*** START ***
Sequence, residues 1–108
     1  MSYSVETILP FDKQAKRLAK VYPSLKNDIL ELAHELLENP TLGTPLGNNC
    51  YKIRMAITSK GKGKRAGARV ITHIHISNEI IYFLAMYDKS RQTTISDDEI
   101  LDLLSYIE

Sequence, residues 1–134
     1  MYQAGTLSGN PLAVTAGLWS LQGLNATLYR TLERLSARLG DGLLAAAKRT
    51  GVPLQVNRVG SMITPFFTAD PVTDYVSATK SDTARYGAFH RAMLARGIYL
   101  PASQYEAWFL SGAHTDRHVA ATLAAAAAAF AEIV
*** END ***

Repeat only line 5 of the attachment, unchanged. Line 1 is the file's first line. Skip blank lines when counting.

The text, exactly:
Sequence, residues 1–134